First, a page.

Tag Archives: personalised medicine

Google Health Live

The much-vaunted Google Health is online.

There’s a good early review at TechCrunch. Expect further coverage from bloggers who cover personalised medicine issues; you know who they are.

Questions that occur to me are: (1) how much personal information do you need to enter for the service to be useful; (2) how much will users be willing to enter? This will be a real test of the degree to which people trust Google with personal information.

From hype to reality, just like that

If you’ve been wondering whether personalised genomics startup 23andMe were for real, the wait is over. Details of their service are now available. Simply pay USD 999, spit in a tube and mail it to them (in the US only so far) and they promise a personal web-based genome browser with information about disease susceptibility, ancestry and (if your relatives join in), genealogy. The technology used is SNP genotyping – basically DNA is amplified from your sample and hybridised to an Illumina array, generating ~ 600 000 data points. All the details are available here.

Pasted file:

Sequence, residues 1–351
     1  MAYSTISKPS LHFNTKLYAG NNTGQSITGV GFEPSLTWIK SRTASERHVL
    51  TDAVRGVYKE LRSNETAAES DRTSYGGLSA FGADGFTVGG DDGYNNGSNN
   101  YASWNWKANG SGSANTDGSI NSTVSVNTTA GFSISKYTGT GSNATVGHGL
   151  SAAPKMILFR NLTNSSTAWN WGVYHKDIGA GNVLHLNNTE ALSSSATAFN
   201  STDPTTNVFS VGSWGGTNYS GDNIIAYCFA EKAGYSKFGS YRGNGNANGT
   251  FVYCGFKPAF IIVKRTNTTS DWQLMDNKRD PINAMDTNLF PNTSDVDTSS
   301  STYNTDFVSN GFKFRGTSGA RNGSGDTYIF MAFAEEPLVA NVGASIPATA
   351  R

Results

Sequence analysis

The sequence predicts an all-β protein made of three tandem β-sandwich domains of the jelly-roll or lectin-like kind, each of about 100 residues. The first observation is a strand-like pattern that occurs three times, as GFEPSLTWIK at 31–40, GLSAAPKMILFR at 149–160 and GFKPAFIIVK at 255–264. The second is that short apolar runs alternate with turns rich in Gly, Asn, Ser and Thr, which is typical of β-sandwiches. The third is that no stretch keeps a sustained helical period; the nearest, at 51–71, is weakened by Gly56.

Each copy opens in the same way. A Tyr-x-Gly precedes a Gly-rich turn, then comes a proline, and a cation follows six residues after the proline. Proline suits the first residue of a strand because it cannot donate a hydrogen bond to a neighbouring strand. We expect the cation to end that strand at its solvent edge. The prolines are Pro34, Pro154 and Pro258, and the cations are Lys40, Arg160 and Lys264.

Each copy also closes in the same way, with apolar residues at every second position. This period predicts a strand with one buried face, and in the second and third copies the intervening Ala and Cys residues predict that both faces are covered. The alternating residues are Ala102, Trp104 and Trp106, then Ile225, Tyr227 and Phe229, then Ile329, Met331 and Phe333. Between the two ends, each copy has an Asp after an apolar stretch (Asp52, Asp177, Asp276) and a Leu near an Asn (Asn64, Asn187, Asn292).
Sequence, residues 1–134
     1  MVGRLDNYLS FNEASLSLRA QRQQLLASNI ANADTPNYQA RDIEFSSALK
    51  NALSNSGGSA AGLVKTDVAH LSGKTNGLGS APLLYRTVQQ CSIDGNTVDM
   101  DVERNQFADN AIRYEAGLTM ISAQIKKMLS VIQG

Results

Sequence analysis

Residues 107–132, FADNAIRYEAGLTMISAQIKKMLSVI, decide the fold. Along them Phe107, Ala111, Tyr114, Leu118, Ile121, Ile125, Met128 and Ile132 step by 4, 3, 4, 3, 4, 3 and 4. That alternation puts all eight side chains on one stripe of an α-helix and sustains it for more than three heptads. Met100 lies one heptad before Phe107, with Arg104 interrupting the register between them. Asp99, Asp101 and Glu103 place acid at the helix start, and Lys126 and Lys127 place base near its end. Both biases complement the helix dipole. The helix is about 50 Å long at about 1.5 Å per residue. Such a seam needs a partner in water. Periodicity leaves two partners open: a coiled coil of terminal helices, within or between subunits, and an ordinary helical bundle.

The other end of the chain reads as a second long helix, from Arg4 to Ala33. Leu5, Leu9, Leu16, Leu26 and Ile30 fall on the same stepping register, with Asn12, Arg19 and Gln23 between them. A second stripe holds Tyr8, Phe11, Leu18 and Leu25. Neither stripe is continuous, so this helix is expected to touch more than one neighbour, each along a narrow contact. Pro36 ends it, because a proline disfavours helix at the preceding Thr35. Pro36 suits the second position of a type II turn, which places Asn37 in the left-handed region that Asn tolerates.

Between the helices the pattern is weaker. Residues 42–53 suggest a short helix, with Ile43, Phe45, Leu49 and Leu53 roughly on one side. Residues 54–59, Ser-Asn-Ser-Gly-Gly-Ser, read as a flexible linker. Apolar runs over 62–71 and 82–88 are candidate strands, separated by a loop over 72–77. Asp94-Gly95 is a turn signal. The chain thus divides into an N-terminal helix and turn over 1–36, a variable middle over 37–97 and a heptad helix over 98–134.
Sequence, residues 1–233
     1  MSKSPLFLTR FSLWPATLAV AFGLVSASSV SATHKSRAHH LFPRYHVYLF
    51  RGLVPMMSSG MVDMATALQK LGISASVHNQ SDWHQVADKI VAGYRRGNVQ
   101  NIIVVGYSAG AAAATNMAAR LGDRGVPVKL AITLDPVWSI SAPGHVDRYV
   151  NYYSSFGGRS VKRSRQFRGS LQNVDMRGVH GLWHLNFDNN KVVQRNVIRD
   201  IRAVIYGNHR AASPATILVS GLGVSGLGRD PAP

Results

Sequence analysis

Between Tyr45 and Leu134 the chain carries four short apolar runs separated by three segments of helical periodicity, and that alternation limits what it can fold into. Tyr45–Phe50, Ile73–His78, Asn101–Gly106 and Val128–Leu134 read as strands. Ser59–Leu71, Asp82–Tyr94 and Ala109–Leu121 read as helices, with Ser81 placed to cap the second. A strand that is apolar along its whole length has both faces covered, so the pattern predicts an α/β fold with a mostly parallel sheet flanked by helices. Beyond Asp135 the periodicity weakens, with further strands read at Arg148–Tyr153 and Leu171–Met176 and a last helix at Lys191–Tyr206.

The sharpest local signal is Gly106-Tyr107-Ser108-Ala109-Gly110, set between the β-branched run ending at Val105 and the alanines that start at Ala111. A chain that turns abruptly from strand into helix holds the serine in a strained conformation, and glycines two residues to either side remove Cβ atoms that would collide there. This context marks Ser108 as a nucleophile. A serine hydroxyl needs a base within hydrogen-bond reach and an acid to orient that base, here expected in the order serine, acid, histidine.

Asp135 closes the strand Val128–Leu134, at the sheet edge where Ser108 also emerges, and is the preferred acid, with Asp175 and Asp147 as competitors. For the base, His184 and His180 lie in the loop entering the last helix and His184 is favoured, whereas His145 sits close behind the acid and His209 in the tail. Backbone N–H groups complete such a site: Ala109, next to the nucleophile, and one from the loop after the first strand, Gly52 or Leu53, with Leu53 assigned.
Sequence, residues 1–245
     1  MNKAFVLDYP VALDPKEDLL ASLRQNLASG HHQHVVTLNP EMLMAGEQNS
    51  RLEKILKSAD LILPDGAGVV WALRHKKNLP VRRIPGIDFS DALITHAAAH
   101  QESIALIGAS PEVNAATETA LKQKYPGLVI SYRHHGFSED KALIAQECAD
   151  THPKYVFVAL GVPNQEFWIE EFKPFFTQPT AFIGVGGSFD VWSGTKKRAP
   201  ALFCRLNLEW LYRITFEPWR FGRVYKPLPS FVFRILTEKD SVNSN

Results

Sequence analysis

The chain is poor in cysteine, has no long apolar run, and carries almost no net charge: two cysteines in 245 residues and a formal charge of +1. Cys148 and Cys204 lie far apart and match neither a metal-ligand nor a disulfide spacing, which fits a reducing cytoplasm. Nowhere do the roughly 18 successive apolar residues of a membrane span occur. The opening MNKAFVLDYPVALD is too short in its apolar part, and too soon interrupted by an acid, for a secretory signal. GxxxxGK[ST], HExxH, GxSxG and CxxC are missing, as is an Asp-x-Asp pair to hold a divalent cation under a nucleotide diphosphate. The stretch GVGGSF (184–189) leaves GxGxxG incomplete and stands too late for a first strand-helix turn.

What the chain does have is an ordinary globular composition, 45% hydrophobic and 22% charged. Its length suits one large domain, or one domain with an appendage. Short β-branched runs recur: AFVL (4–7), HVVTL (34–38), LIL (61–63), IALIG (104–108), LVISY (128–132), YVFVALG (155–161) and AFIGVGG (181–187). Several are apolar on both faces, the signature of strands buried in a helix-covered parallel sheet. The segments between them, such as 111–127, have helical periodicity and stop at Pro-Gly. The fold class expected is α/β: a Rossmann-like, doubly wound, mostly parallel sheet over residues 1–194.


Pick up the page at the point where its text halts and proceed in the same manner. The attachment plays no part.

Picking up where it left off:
Some reactions (first 2 articles by people who have trialled the service):

So there you go – we talk about the hype, the technical difficulties, the ethical/legal issues and then someone just goes and does it. I suspect that increasingly, this is how the future will unfold. Shall we lay bets on the year of the first cloned human?